Regularly reviewing and adjusting your labor cost percentage can help you stay competitive and profitable. Just keep an eye on your total revenue and profit margin, then decide what labor cost percentage you’re comfortable with.
Stay on track by automating labor cost calculation in your restaurant
One of the best ways to keep labor costs low is by increasing the efficiency and accuracy of your sales and labor forecasts.
Avoid costly mistakes and the need for manual labor cost spreadsheets by using tools that can streamline processes and gain more accurate insights into labor costs and related data.
Lineup.ai uses historical sales and forward-looking data to provide restaurants with sales and labor forecasts, giving you a clearer picture of future demand. This allows you to staff appropriately throughout the day and avoid overstaffing. You can make informed decisions about your workforce and keep your labor cost percentage under control. Lineup.ai allows you to set labor targets and view performance by role and location.
By automating these processes, you can quickly identify areas where improvements can be made, such as adjusting staff schedules, reducing overtime, or investing in training to increase efficiency. If one of your locations has a higher labor cost percentage, you can quickly identify it and get to the bottom of the issue. With Lineup.ai, you can streamline your labor cost management and ensure your restaurant remains profitable.
Understanding how to calculate restaurant labor cost percentage is crucial for maintaining a successful and profitable business. By using the formulas provided in this article and regularly reviewing your labor costs, you can optimize your workforce and improve your restaurant's bottom line.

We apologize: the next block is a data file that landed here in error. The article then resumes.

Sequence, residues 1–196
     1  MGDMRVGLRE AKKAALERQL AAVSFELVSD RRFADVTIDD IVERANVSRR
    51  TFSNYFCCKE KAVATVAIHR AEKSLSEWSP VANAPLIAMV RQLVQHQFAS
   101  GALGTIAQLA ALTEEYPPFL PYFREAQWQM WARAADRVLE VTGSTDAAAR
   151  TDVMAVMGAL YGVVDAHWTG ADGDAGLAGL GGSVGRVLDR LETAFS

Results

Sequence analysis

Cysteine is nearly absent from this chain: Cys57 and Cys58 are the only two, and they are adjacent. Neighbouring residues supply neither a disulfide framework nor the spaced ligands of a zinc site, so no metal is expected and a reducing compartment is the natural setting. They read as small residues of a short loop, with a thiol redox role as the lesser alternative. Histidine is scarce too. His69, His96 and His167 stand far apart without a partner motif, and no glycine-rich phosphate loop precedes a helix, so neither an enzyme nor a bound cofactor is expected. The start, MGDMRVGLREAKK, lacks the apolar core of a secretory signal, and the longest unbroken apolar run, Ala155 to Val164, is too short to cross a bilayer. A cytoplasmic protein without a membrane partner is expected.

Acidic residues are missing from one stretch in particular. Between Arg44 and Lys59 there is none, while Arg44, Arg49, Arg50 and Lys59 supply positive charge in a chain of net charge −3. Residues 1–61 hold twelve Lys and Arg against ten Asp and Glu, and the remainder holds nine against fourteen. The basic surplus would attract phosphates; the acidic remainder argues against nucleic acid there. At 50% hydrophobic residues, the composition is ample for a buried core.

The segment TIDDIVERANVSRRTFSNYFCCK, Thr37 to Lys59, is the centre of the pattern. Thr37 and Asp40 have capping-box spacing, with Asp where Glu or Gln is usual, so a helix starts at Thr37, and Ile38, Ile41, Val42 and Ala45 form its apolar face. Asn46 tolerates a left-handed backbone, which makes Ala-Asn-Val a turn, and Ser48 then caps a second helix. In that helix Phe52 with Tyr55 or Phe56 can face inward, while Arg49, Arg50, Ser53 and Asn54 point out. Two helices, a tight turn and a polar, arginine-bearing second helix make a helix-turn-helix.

Additionally, leveraging automation tools like Lineup.ai can save you time and provide valuable insights into your labor costs, allowing you to make better-informed decisions about your staffing and scheduling needs.
How to calculate labor cost per meal?
To determine labor cost per meal, simply divide the overall labor expenses by the quantity of meals served.
What should kitchen labor cost be in a restaurant?
The kitchen labor cost as a percentage of total restaurant revenue can vary depending on factors like restaurant type, location, and business model. However, a commonly used guideline is to aim for kitchen labor costs to be around 25-30% of total revenue. Here's the formula to calculate the kitchen labor cost percentage:
Kitchen Labor Cost Percentage = (Kitchen Labor Costs / Total Revenue) x 100
How to calculate labor cost in a recipe?
Measure the employee's cooking duration, then calculate the labor cost by multiplying this time by her hourly wage. However, achieving a precise estimate requires considering additional factors like food cost per dish, labor skill level, employee salaries, and the extent of cross-training.
What is average labor cost by restaurant type?
- Fast-food restaurants: 25%
- Fine dining: 30% to 40% of higher
- Table service restaurants: 30%-40%
Why is my labor cost so high?
The variety of dishes offered in your restaurant can influence labor costs. A restaurant offering an extensive menu will need a larger team, leading to increased labor expenses. Additionally, the seasonal trends can also have an impact on labor costs.